SQL Server 2016

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Benefits at Glance of Using New SQL Server 2016

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Microsoft has released most awaited RTM version of SQL Server 2016 on June 1 2016. There was lot of buzz around with the release of new SQL Server 2016 and has been already downloaded by many community DBAs and developers to start testing or learning using the new features. Just like any other SQL Server version, even in new SQL Server 2016, there has been lot of new features introduced in areas like security, performance, scalability, stability, etc. Also there is support for SQL Server on linux in pipeline, which makes it much more interesting and to enter new companies which did not use windows operating system. As a DBA or developer it is very important to gets handon new features and suggest to the management how it will benefit the clients or customers or their own business with the new features. Always, test in a test environment thoroughly before deciding to move to production. Also, as like any new version, it is expected to have lot of bugs too, so it is up to you to decide whether to wait till a service pack is released or just go ahead and install it right away now. My preference is to start testing on test environment and see how application reacts to it, and if the new features are beneficial and performance has improved with the applicaion, then I prefer to go ahead with the new SQL Server 2016 on production environment.

Following are some of the important benefits of new SQL Server 2016 which we might want to keep on top of our head.
– Microosft claims Enhanced in-memory performance which provides up to 30x faster transactions, and more than 100x faster queries than disk based relational databases and real-time operational analytics.
– New security feature Always Encrypted which helps in protecting our data at rest and in motion, on-premises and in the cloud, with master keys sitting with the application, without requiring any changes to the application.
– Built-in advanced analytics– provide the scalability and performance benefits of building and running advanced analytics algorithms directly in the core SQL Server transactional database.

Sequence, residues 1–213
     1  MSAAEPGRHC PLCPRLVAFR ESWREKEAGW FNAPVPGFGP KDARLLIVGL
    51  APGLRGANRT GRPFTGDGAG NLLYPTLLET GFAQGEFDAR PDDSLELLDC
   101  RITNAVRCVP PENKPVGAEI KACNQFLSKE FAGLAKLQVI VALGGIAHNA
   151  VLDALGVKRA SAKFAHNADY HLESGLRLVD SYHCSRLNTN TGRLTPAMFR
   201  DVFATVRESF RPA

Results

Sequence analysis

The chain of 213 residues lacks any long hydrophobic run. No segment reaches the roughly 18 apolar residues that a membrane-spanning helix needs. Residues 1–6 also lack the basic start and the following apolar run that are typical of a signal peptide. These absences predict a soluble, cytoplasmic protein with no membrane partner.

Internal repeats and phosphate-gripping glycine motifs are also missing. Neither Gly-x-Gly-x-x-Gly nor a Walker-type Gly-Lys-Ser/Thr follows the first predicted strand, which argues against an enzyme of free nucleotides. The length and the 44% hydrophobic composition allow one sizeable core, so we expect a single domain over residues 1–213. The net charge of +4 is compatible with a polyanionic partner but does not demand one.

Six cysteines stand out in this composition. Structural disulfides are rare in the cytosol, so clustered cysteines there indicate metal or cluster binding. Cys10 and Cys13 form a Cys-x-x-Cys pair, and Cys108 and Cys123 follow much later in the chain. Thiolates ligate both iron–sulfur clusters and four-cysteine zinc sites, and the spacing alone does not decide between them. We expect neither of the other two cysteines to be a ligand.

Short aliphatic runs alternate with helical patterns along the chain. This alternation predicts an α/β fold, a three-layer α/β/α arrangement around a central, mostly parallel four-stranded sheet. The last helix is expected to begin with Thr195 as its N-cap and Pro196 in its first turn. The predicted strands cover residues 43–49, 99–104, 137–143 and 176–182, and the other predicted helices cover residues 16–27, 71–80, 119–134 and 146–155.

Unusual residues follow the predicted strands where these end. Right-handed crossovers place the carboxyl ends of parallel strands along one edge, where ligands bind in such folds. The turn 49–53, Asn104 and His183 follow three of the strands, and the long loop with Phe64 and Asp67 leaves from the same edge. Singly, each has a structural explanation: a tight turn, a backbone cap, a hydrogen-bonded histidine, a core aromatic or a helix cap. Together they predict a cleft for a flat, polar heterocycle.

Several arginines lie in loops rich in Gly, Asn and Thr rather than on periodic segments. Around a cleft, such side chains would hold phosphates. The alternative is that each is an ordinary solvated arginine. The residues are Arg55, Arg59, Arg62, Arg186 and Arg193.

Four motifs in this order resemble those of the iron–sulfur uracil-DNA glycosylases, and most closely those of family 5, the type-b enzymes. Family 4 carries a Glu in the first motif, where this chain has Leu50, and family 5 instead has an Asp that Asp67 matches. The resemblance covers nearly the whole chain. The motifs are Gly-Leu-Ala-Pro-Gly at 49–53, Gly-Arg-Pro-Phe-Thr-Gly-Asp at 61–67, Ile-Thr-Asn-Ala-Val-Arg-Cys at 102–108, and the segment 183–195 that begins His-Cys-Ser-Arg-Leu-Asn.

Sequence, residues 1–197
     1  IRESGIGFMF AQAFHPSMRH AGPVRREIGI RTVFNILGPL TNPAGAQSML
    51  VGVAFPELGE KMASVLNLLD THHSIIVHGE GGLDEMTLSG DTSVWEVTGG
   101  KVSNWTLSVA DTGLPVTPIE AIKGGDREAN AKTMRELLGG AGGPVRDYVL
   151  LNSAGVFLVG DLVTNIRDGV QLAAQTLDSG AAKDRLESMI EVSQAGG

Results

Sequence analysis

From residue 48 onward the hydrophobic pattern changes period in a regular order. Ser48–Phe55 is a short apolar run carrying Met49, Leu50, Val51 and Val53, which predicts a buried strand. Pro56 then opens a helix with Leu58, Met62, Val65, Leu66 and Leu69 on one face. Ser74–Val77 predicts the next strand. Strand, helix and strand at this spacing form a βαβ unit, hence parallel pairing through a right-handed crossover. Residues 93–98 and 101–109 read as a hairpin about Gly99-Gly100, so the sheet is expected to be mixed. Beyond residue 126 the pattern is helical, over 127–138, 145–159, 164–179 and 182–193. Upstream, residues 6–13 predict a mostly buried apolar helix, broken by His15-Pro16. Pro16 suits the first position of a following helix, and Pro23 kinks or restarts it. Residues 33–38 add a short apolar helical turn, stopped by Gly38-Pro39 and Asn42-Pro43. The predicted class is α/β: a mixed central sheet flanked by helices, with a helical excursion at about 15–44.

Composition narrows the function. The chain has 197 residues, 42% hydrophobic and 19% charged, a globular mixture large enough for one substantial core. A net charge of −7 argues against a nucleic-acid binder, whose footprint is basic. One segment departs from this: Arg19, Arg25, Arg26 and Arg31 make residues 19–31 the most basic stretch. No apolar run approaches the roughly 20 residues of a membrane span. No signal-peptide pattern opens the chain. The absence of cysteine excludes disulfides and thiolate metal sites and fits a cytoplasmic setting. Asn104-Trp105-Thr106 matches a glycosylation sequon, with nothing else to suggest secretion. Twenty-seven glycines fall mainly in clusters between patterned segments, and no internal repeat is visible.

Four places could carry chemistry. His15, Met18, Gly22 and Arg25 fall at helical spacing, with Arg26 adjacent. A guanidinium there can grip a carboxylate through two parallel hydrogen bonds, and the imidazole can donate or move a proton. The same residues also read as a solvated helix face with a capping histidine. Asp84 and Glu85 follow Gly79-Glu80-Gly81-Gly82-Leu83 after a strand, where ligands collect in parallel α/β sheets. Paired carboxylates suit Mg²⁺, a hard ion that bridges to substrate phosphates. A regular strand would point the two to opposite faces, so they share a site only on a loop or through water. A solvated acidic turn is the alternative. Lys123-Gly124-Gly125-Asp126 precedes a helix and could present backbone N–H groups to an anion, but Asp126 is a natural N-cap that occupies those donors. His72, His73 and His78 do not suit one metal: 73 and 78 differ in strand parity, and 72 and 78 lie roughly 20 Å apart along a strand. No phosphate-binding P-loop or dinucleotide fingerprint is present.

– Business insights through rich visualizations on mobile devices with native apps for Windows, iOS and Android
Simplify management of relational and non-relational data with ability to query both through standard T-SQL using PolyBase technology

– New features like Stretch Database technology keeps more of our historical/cold data at our fingertips by transparently stretching your warm and cold OLTP data to Microsoft Azure in a secure manner without application changes.
– Faster hybrid backups, high availability and disaster recovery scenarios to backup and restore our on-premises databases to Microsoft Azure and place your SQL Server AlwaysOn secondaries in Azure.
– Closer integration with Azure SQL Database which helps more customers comfortable to migrated to cloud with the new security features.

Hope this was helpful.

This is applicable for below versions of SQL Server

SQL Server 2016

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SQLServerF1 Team
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New Details regarding SQL Server on Linux and SQL Server 2016 Released on June 1st

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Microsoft has officially released SQL Server 2016 on June 1st 2016. We can download an evaluation edition from here. This trial edition expires after 180 days, after which we will need to upgrade it to a licensed edition or download free express edition if the features used are minimal. Microsoft has introduced many new features with SQL Server 2016 in different areas. Some of the popular features include, Stretch database, Always Encrypt, Data Masking, also promises of significant improvement in the performance, much closer integration with SQL Azure, temporal tables, query store, Row level security, changes to upgrade advisor, etc. Initially Microsoft has released release candidate versions RC0, RC1, RC2 and RC3, which was downloaded and tested by many users in the DBA and Developer community and by some organizations and enough feedback was provided to improve the product. There were many bugs identified with the initial RC versions on various features, which were subsequently fixed in later RC versions.